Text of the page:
Issue 50: December 5 - 19, 2018


Kim Jong-un's Possible Visit to South Korea

Amanda Wong

Rumors about North Korea’s leader Kim Jong-un possibly visiting Seoul have been widespread despite a lack of confirmation from either the North Korean government or South Korean government. South Korea’s President Moon Jae-in has actively pushed for Kim Jong-un to visit South Korea. However the Blue House has not given a concrete time frame for the visit, although a presidential spokesman has also stated that it is unlikely that Kim will visit before the year ends. Despite preparations being made by the South Korean government, there are still no concrete plans in place.

The possibility of Kim Jong-un visiting Seoul has sparked a debate in South Korea, with progressive groups welcoming the visit as a way to improve inter-Korean relations and conservative groups opposing Kim’s visit on the grounds of the North Korean nuclear program and previous provocations. This has already manifested in the form of protests in Seoul on Dec 8, 2018 by groups on both sides of the debate. The possibility of Kim Jong-un visiting also presents a challenge to Moon Jae-in, who will need to balance the act of welcoming Kim and allowing South Koreans to express their views freely, without using excessive security to censor anti-North Korean demonstrations.

When Kim eventually visits, he will be the first North Korean leader to visit South Korea since the end of the Korean War. This would be highly symbolic and likely to improve inter-Korean relations, although it could also unleash protests in South Korea over the North Korean regime’s past transgressions. However, the delay of Kim’s visit to beyond 2018 represents another roadblock in the efforts to improve inter-Korean relations. It increases the uncertainty about future prospects for reconciliation, especially when nuclear negotiations between North Korea and the US are at a stalemate, and North Korea continues to develop its nuclear weapons program.

Na Kyung-won Elected Floor Leader of the Opposition Party

John Seymour

Representative Na Kyung-won was elected as the new floor leader for the Liberty Korea Party (LKP), the main opposition party, on Tuesday, Dec 11, 2018. The four-term lawmaker defeated Representative Kim Hack-yong to fill incumbent Kim Sung-tae’s position, winning 68 of the 103 total votes in the process.

Na Kyung-won, the first female floor leader of the LKP, enters her new position with the task of reforming her party’s reputation for the 2020 parliamentary elections. The ousting of former conservative President Park Geun-hye in March 2017 after a corruption scandal precipitated a decline in confidence in the LKP, with public support reported at 24.7% in early December. Na is seen as having few, if any, ties to Park, but many Park loyalists supported her in the election.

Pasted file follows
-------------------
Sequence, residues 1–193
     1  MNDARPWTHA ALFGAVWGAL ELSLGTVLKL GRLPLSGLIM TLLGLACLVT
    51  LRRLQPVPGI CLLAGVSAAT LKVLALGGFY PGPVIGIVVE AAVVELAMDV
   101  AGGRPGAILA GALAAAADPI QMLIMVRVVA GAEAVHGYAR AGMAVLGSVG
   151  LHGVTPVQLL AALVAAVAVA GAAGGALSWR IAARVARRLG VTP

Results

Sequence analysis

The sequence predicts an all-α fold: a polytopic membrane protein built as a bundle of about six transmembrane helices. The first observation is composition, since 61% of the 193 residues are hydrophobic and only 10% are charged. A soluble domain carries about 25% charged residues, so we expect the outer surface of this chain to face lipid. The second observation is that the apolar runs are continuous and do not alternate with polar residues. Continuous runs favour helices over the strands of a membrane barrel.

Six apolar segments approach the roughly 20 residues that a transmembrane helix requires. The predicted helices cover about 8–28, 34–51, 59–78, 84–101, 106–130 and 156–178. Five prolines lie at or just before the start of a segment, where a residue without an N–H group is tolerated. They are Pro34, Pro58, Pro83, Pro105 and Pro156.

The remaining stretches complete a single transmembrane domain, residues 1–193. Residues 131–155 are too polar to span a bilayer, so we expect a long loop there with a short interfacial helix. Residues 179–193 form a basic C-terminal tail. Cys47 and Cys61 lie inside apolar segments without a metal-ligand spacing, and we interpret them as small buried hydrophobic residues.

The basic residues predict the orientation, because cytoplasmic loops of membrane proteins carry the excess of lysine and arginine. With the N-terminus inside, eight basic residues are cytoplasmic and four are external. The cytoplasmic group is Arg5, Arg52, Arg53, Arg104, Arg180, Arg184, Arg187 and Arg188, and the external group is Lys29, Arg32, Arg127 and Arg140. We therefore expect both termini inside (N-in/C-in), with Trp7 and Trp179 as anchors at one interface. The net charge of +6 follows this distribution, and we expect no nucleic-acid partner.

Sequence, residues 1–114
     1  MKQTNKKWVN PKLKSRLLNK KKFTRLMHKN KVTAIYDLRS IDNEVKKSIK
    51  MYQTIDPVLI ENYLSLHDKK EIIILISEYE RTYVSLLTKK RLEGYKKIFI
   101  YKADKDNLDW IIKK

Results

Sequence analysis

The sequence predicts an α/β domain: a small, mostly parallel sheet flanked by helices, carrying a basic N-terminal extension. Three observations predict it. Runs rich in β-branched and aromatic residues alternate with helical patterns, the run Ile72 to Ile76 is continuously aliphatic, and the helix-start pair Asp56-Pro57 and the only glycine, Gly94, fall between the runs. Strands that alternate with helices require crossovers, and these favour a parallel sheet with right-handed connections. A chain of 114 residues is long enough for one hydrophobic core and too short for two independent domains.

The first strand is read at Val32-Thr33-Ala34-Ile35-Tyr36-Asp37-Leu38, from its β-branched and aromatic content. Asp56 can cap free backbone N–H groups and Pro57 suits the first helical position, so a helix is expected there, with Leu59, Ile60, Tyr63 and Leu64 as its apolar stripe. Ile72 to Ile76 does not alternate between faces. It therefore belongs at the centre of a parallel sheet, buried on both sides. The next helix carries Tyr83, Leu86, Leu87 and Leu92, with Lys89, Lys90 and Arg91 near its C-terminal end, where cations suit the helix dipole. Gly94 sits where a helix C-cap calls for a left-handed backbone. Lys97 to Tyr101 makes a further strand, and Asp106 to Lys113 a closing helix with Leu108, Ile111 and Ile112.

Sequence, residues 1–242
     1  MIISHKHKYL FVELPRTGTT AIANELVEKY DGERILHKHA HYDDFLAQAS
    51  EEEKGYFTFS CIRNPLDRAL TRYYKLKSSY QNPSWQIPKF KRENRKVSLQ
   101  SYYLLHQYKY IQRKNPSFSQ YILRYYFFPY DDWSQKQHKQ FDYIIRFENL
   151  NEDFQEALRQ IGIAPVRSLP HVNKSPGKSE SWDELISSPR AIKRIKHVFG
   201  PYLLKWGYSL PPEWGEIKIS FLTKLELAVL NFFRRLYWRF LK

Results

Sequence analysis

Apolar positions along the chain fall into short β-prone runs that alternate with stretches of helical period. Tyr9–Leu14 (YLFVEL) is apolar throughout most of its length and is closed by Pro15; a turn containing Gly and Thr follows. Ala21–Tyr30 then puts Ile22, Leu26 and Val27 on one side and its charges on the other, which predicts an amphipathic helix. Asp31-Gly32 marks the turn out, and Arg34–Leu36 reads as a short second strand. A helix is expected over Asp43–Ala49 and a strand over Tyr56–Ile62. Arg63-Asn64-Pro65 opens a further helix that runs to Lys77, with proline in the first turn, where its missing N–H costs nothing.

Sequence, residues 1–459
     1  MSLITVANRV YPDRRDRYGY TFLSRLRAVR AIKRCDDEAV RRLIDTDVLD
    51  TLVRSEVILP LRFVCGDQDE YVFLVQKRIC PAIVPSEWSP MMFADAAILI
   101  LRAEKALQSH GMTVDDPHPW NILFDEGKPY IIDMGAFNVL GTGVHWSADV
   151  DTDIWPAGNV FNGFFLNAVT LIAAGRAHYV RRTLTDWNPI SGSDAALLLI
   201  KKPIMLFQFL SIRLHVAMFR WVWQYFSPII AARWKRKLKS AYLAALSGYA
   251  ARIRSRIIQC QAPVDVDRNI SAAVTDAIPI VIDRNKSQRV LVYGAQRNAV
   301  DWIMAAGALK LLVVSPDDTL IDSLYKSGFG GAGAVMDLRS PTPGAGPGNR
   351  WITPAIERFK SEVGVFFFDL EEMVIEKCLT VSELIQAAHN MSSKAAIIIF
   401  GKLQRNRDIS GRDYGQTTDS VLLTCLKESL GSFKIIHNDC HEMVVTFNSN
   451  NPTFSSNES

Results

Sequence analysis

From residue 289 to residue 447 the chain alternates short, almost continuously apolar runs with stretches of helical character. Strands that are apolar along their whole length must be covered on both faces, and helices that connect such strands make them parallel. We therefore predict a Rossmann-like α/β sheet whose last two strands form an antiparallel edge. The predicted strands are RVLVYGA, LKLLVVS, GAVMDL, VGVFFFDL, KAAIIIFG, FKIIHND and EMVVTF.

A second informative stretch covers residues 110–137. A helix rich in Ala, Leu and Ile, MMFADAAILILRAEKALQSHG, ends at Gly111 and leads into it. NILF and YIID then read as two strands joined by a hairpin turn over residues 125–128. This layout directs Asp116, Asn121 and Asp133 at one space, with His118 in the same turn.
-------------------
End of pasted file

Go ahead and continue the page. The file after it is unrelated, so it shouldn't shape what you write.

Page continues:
Prior to representing the Seoul Dongjak district in the National Assembly for four terms, the 55-year-old Na served as a judge in district courts and worked as an aide for former presidential candidate Lee Hoi-chang. In 2011, she ran for mayor of Seoul, but lost to current mayor Park Won-soon. She has also demonstrated an interest in sports and has been a member of the governing board of the International Paralympic Committee since 2013. Additionally, sheopposed inter-Korean initiatives at the the 2018 Pyeongchang Winter Olympics such as fielding a joint team for women’s ice hockey, stating such plans “go against the international sanctions on North Korea.”

Following the election, Na heavily criticized President Moon Jae-in’s administration and called for an end to factional disputes within the conservative party. She has also expressed dissatisfaction with the Moon administration’s income-led economic growth policy. She will have a limited period of time to accomplish these goals. Her current term will last for a year, though an extension to 2020 is possible.

This Week in History: Kim Young-sam Elected First Civilian President Since 1961

On December 18, 1992, Kim Young-sam won South Korea’s presidential elections, defeating both the main opposition Democratic Party candidate, Kim Dae-jung and a newly formed United People’s Party candidate, Chung Ju-yung, founder of Hyundai Group. Kim Young-Sam won 42 percent of the vote and became the first democratically elected civilian president since the 1961 military coup. Kim Young-sam  was previously a National Assembly member who staunchly opposed both military governments led by Park Chung-hee and Chun Doo-hwan.

He was put under house arrest from 1980 to 1983 by the Chun Doo-hwan regime. After being free from house arrest, he unsuccessfully ran for president in 1987, splitting the vote with Kim Dae-jung. In 1990, Kim Young-sam merged his Reunification Democratic Party with then-President Roh Tae-woo’s ruling Democratic Justice Party, forming the centre-right Democratic Liberal Party, which made him a ruling party presidential candidate in 1992. 


Northeast Asia and the New Congress
12:00 PM- 1:30 PM, Tuesday, January 8, 2019
Korea Economic Institute of America
1800 K St NW, Suite 300
Washington, DC 20006


Research Intern- Korea Chair (Spring 2019)
Center for Strategic and International Studies

Volunteer Internship, Korea Studies, Spring 2019
Council on Foreign Relations

Office Manager/Executive Assistant
Korea Economic Institute of America

Korea Intern
The Asia Group

Manager of International Programming, Asia-Pacific
Obama Foundation